Thai Tourism Sector Must Face, Not Dismiss, the Threat of Terrorism

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Sakchai Lalit / AP

Thai officials examine the damage caused by a blast on Feb. 15, 2012, at the Bangkok house where the suspected bombers were staying

It was hard not to feel for Thailand last week when a group of Iranian men set off three bombs in Bangkok, injuring five people in what police say was a botched attempt to attack Israeli diplomats. But in their bungled attempts at damage control, Thai government officials and tourism executives are doing even more damage to Thailand's reputation than the bombers ever could.

Before police had finished combing through the wreckage of the rented house used by the bombers, government ministers were waging an all-out campaign to deny the incident was terrorism. The Defense Minister said the men were only making bombs, so it wasn't actual terrorism. The Deputy Prime Minister in charge of security said the explosions were merely "symbolic acts." Tell that to the five people who were injured.

Kongkrit Hiranyakit, the president of the Tourism Council of Thailand urged the government to "make it clear to the international community that the bomb blasts in Bangkok had nothing to do with terrorism" and to "present evidence to refute this belief." The problem is that all the evidence suggests otherwise. Only Royal Thai Police Chief Priewpan Damapong and his investigators had the courage and common sense to tell the truth: the discovery of magnets, magnetic sheets and other materials similar to those used in bombings of Israeli diplomats in India and Georgia one day before the Bangkok blasts suggests that the men were potentially part of a broader terrorist plot.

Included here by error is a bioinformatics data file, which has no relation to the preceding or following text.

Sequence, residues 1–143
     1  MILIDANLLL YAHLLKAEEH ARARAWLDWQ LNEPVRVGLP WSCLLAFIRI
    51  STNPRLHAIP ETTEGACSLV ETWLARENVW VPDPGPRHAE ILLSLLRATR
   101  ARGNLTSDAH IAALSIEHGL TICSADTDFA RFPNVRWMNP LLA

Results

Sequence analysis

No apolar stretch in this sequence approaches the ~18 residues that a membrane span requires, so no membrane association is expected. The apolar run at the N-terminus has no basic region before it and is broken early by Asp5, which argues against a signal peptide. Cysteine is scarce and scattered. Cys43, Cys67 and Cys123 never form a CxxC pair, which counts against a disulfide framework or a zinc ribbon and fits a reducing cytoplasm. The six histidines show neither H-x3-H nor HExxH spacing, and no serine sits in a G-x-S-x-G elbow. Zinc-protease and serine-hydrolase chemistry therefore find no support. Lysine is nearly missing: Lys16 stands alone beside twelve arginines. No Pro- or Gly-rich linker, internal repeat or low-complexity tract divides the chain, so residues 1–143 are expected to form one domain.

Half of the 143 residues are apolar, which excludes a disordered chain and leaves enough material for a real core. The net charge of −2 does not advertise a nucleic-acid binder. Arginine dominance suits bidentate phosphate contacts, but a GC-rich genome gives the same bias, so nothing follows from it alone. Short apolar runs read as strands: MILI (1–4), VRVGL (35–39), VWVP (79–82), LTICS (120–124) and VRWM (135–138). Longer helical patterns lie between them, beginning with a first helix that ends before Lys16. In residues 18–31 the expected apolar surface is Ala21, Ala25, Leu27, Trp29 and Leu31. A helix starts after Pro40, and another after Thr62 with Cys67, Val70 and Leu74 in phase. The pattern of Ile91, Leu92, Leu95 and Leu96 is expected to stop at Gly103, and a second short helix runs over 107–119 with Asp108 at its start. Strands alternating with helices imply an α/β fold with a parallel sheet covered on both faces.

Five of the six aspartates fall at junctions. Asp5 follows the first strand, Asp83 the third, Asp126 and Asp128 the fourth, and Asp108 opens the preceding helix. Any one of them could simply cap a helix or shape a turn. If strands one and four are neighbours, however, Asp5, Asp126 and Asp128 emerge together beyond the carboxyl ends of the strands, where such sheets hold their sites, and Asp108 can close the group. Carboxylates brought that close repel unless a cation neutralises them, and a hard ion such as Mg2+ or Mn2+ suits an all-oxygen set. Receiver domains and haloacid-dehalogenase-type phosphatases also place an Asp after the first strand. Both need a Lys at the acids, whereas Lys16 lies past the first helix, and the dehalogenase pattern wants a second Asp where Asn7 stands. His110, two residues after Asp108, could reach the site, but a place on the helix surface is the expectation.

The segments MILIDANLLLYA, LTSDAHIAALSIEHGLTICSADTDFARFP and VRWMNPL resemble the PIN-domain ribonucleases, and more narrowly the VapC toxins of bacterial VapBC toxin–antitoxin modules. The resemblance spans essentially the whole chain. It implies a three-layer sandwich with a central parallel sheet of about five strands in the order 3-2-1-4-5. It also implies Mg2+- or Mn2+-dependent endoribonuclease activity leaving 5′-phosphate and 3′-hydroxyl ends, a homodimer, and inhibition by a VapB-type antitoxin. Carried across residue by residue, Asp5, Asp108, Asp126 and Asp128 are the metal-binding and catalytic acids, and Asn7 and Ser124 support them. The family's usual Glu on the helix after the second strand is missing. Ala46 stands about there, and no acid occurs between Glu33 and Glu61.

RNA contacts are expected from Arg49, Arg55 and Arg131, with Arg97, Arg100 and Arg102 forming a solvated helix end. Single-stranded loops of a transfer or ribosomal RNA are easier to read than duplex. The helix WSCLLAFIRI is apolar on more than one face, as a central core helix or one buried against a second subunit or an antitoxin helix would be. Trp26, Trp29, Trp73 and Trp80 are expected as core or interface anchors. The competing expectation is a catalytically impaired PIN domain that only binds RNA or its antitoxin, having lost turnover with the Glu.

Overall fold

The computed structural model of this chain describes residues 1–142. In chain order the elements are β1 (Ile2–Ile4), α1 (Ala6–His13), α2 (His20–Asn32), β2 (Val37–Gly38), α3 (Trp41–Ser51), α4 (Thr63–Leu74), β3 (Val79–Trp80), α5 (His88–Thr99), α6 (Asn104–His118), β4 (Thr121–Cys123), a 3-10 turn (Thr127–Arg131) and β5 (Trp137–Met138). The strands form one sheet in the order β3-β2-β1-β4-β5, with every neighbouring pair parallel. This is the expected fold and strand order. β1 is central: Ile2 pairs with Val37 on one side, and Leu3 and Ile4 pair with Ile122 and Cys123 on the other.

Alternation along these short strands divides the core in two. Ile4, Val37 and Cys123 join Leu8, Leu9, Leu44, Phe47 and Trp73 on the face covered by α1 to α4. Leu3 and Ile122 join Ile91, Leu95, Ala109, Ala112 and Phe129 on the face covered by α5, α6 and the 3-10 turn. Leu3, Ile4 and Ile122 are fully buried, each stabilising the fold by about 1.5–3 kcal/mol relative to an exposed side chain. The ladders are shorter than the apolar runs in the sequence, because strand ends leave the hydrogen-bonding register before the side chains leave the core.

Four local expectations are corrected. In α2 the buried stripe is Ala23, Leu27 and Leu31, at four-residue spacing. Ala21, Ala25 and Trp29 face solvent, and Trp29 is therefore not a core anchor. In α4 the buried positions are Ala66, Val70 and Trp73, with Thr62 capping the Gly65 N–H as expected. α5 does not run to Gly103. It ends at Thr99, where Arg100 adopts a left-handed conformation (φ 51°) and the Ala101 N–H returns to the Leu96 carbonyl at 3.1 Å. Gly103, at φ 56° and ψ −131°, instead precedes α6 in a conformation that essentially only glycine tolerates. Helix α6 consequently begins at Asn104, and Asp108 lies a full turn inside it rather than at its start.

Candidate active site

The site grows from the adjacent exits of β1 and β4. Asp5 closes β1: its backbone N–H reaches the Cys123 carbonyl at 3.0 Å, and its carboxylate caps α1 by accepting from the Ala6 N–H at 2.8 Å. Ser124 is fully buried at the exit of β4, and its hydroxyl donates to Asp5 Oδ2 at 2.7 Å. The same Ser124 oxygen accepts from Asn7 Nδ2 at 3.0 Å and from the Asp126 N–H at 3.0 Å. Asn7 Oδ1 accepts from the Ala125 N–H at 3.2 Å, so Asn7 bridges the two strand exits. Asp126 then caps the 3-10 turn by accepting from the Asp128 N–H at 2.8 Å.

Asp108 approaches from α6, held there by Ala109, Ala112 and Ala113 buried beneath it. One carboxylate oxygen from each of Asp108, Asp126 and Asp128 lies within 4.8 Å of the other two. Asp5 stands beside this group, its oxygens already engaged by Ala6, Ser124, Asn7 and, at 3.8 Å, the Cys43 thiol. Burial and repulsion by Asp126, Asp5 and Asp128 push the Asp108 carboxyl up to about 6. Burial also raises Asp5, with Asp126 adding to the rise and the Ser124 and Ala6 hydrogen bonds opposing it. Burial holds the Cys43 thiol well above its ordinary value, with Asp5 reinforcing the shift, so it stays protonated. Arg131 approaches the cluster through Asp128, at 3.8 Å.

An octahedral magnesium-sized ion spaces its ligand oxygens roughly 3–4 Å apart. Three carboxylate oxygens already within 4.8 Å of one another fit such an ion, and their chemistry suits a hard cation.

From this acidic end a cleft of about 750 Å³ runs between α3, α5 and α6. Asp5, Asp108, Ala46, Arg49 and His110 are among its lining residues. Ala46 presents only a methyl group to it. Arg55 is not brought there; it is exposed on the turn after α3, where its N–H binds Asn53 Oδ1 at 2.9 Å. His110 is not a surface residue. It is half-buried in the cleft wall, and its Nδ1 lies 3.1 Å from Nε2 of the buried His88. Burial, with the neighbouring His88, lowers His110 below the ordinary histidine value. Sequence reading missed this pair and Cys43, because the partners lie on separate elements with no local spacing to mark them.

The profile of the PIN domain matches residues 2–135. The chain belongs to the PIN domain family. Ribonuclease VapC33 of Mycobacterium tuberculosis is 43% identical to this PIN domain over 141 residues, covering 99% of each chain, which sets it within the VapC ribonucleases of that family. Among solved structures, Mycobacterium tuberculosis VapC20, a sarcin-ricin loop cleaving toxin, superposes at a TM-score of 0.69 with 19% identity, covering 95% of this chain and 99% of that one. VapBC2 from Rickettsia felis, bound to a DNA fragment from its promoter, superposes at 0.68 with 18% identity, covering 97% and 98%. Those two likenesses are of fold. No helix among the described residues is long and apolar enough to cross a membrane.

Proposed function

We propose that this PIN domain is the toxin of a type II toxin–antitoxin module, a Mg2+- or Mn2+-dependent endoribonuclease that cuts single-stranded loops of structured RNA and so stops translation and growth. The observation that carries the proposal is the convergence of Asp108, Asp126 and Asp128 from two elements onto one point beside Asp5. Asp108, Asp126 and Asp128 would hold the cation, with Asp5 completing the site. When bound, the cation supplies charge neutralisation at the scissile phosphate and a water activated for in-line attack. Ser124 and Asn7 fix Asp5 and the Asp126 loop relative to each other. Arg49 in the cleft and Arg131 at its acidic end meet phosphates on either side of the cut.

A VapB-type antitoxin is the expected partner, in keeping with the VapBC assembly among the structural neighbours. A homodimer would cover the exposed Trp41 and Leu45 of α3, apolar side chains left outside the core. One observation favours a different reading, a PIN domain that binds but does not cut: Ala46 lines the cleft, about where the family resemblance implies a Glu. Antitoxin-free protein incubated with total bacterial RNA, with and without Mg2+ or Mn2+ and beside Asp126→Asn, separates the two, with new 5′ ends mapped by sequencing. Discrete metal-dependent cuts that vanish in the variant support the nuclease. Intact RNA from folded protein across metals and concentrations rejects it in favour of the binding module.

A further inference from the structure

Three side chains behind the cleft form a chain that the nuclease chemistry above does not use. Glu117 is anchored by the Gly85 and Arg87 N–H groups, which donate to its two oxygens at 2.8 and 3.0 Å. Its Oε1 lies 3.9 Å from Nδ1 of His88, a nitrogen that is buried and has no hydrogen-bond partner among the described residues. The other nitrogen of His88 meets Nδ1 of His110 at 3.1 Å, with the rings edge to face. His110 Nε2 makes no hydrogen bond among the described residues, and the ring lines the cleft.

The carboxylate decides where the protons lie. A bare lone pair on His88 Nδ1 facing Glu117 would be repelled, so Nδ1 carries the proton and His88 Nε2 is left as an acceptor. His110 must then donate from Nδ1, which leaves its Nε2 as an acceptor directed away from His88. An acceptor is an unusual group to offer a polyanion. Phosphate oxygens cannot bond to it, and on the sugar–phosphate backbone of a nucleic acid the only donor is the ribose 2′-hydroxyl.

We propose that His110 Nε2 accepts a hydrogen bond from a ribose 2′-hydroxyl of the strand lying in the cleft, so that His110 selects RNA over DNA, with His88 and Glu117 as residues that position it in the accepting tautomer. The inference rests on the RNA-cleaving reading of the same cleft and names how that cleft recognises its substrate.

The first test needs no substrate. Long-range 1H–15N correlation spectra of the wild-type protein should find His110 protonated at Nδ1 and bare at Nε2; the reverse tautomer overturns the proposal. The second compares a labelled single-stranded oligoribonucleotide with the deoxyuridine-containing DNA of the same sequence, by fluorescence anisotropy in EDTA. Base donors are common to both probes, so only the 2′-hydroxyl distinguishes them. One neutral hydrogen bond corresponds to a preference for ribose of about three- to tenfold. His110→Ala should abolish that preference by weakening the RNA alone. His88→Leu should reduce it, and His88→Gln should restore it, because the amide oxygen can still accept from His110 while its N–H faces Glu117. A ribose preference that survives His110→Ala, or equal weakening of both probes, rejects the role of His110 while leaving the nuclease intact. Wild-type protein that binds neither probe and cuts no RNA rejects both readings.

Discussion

To be fair, there is no internationally agreed-upon definition of terrorism. But when bombs start going off, no parsing of words or twisting of definitions is going to stop people from concluding that terrorism has taken place. Government ministers and tourism executives, presumably well versed in public relations and crisis communications, should know that denying a problem exists and lying about it often does more damage to reputations than the problem itself.

The government and the tourism industry should stress that such incidents are rare in Thailand. Until this year, Thailand had suffered just two instances of international terrorism, both aimed at the Israeli embassy: a 1972 attack by Palestinians and a 1991 failed truck bombing by Iranians linked to Hizballah. But a Lebanese man with alleged ties to Hizballah was arrested with bomb materials in Bangkok in January. Since then, there is little overt evidence of increased security, but the government said security was being tightened at airports and Bangkok's subway system, and that it may have to review the ease with which visas on arrival are issued.

Thailand does depend heavily on tourism dollars, but the industry has proved remarkably resilient, bouncing back after floods, fires, riots and military crackdowns. Undoubtedly, it will bounce back after the bombs. And as it does, transparency is the best policy.